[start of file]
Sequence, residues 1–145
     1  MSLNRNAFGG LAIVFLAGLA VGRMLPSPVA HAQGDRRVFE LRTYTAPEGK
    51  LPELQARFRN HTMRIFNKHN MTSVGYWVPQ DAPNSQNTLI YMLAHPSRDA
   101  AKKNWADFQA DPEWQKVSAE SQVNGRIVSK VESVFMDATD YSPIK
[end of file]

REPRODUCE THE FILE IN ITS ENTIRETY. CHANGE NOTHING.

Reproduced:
Sequence, residues 1–145
     1  MSLNRNAFGG LAIVFLAGLA VGRMLPSPVA HAQGDRRVFE LRTYTAPEGK
    51  LPELQARFRN HTMRIFNKHN MTSVGYWVPQ DAPNSQNTLI YMLAHPSRDA
   101  AKKNWADFQA DPEWQKVSAE SQVNGRIVSK VESVFMDATD YSPIK